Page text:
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Their Cup Runneth Over

Mushka familyAs Sara and the caretakers descend the stairs, you immediately see that each baby is unique. The triplets, less than 5 months old, physically look different and have individual personalities to match. Although the two boys, Tzemach and Moshe, are dressed in matching blue outfits, one is slightly larger-the good eater, as his parents call him-and is wide eyed, ready for a bottle. The other is calm, fast asleep.

And there is no denying that their sister, Chaya Mushka, is the headstrong one of the group. She is making her presence known, and even when she is taken back upstairs, her parents laugh periodically at the sounds of her demands floating down the hallway. "The amazing thing about my husband," says Sara Mintz about Rabbi Yossi, "is that he treats each of our children like they are an only child."

The Mintzes are all smiles as they talk about their family, which grew from two chil­dren to five at the end of 2011. But behind all their joy are many years of infertility struggles that would lead to this point. When they bought their Redondo Beach home, they had one son, Mendel, who is now 15 years old. The seemingly large house had many rooms to fill. But the couple approached the building of their family as they did the building of the Growing Garden Preschool and Kindergar­ten. "If you create a vessel for blessings, they will come," says Sara, the school's director, who along with her husband helped found the JCC and the preschool.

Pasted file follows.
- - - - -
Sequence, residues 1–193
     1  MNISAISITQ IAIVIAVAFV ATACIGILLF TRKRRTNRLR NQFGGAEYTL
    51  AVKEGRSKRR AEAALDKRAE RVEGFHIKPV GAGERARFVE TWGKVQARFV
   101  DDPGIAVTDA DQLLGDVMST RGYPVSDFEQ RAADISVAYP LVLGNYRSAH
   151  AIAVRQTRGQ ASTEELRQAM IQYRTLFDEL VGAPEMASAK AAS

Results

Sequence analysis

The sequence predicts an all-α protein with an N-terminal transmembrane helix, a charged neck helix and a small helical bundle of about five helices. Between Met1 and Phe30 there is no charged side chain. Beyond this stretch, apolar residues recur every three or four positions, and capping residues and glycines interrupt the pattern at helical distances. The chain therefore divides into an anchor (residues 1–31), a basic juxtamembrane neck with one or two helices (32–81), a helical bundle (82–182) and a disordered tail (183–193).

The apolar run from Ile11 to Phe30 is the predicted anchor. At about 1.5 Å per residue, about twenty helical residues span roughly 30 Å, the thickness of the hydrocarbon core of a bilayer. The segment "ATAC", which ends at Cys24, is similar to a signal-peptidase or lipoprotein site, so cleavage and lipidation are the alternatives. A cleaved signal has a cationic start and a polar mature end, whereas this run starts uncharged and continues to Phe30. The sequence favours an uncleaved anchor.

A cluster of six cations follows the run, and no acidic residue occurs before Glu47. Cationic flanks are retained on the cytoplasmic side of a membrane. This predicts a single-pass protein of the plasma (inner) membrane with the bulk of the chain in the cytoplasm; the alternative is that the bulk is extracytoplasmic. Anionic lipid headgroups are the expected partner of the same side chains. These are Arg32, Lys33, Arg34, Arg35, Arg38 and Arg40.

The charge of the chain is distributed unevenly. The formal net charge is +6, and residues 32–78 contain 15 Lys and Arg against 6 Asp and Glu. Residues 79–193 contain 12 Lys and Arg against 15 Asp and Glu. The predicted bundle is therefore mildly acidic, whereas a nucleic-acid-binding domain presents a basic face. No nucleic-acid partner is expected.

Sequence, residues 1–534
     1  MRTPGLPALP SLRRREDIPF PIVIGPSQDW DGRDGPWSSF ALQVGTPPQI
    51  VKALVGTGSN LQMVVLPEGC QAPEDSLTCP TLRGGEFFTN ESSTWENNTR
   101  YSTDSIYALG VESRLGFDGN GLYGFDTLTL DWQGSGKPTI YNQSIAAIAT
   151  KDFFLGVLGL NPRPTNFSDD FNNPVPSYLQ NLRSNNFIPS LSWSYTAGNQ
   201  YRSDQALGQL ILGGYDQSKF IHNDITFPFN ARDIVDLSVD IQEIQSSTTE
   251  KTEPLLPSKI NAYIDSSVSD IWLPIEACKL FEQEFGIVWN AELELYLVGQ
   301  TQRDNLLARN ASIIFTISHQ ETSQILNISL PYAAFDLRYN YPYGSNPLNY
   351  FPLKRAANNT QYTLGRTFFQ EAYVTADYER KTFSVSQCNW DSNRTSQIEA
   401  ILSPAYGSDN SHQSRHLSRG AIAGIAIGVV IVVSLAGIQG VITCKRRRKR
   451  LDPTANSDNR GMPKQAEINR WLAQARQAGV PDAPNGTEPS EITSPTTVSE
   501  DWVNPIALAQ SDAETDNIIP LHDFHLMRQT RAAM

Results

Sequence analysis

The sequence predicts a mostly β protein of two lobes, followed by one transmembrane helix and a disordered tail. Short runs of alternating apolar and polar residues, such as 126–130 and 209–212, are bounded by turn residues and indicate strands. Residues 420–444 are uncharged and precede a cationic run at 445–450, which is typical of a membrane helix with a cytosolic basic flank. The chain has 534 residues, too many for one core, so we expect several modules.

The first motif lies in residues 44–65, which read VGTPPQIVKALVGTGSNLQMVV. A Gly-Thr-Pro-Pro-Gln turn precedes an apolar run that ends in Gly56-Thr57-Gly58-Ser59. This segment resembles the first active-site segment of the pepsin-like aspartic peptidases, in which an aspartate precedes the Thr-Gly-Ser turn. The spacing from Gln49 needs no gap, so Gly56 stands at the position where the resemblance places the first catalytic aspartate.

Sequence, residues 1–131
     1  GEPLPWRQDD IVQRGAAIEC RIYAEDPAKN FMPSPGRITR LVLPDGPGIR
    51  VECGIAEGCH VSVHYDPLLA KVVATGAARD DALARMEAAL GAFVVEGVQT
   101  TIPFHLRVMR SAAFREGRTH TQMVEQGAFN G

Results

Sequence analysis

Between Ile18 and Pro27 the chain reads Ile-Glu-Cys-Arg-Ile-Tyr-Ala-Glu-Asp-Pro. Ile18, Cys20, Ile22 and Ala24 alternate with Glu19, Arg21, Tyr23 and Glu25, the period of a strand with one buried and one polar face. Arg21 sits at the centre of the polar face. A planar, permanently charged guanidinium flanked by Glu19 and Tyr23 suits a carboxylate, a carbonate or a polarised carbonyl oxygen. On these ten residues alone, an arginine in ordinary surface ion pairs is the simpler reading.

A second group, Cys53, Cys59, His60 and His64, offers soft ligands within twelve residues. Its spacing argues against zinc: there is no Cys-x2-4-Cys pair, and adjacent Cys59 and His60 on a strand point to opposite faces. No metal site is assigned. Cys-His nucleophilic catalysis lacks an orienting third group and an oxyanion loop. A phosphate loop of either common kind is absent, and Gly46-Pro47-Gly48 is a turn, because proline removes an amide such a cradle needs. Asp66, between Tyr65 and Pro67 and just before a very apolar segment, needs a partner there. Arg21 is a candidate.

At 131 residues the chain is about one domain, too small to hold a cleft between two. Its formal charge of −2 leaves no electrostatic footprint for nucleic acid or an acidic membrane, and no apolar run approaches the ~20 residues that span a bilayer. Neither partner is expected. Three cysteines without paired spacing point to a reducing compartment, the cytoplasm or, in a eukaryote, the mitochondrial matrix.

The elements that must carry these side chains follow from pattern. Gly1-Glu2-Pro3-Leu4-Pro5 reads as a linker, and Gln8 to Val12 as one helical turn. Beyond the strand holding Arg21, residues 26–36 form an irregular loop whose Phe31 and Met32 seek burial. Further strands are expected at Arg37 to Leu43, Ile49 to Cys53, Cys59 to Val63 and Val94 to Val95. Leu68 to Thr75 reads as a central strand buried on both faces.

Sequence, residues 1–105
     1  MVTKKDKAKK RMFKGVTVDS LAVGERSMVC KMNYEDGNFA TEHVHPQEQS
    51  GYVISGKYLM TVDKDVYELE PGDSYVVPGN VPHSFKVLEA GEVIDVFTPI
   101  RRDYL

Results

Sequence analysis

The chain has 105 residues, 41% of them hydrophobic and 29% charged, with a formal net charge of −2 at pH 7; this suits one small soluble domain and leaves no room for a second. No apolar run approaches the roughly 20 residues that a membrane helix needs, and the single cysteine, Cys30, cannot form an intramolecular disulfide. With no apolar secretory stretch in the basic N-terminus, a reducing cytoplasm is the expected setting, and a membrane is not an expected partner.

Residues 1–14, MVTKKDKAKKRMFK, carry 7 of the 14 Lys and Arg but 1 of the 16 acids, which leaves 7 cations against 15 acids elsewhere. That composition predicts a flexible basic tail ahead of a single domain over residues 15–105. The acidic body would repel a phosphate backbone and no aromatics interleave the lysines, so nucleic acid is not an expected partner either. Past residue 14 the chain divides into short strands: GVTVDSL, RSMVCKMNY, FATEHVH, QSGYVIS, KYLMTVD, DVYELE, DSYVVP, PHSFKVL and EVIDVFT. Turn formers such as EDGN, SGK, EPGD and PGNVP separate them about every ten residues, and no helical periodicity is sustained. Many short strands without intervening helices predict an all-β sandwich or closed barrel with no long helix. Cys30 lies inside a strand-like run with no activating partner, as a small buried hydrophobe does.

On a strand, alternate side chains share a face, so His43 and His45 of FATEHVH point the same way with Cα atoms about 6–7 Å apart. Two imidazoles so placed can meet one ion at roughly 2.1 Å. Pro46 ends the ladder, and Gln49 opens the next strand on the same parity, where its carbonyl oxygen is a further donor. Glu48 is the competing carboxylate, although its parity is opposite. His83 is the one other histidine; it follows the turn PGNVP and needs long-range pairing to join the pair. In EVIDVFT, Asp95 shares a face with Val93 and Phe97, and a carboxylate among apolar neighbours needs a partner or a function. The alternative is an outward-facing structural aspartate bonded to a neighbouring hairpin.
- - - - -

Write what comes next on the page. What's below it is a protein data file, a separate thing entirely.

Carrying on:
"When we started the preschool, we had it set up from day one to accommodate 100 kids. I think that year we had maybe 13," Sara adds. But 11 years later, the school has grown enormously and now accommodates 150 students. Growing Garden Preschool and Kindergarten is part of the Jewish Communi­ty Center of the South Bay, where Yossi serves as executive director and rabbi of the Chabad of the Beach Cities.

The Journey Begins